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Maple Leaf Gardens abuser charged with sexual assault

A file photo of Gordon Stuckless.


A former minor hockey coach at the heart of the Maple Leaf Gardens pedophile scandal has been arrested again on charges of sexually assaulting two young boys in the 1970s.

Gordon Stuckless, the convicted pedophile who was a regular figure at the rink in the days in which boys were being abused there, was arrested Thursday and faces six new charges, Toronto police said.

The 63-year-old Toronto resident was charged with assaulting two boys, then aged around 11 and 13, "at a school, a community centre and at various other locations in Toronto," the police said in a statement.

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Mr. Stuckless was a worker at the rink, then home ice for the Toronto Maple Leafs, and he was one of several adults there who used their access to lure children over two decades.

Police spokesman Constable Tony Vella said the men who prompted the new charges had come forward to tell their stories. He could not say if the Gardens was one spot where they alleged they had been abused, saying that he could not speak to the evidence gathered by investigators. But he did say that investigators believe they may not be the only people targeted.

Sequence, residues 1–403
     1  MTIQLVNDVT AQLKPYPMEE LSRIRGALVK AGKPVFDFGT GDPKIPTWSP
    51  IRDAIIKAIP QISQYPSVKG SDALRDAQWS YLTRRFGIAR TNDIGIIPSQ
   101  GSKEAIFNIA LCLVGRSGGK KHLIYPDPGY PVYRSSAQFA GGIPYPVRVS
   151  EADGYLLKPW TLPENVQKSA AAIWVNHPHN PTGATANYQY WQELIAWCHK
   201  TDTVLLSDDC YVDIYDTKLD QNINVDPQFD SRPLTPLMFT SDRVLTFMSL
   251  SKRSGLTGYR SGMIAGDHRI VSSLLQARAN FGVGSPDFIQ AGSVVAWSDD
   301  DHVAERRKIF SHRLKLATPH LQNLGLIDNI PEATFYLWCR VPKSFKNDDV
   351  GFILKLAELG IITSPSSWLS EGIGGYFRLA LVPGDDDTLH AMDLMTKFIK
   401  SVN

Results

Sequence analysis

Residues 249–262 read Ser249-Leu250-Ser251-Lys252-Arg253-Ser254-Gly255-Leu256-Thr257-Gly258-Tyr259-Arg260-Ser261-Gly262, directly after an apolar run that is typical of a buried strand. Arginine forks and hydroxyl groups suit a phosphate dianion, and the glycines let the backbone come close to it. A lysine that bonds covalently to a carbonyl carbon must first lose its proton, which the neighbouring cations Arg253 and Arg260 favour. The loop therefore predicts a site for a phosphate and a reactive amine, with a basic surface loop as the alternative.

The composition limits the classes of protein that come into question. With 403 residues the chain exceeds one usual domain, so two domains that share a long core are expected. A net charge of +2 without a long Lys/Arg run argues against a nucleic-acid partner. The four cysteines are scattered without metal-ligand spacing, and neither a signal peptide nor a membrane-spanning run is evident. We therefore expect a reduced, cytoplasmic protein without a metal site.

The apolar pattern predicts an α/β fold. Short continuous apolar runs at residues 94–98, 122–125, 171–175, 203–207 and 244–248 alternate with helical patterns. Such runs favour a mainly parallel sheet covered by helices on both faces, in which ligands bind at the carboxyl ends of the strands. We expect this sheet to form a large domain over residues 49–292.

"There could be more victims out there," Constable Vella said.

Mr. Stuckless's crimes were initially brought to light by Martin Kruze, who jumped to his death from a Toronto bridge after his abuser was sentenced to two years less a day in prison.

"Too bad that piece of shit didn't do it sooner," a guard heard Mr. Stuckless say to his cellmate, according to documents forwarded to the parole board, the CBC reported in 2001. "Then I wouldn't be here."

The sentence was later extended by the Ontario Court of Appeal to six years, with credit for the year already served. Mr. Stuckless was released in 2001 after serving approximately two-thirds of his sentence.

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About the Author

Oliver Moore joined the Globe and Mail's web newsroom in 2000 as an editor and then moved into reporting. A native Torontonian, he served four years as Atlantic Bureau Chief and has worked also in Afghanistan, Grenada, France, Spain and the United States. More

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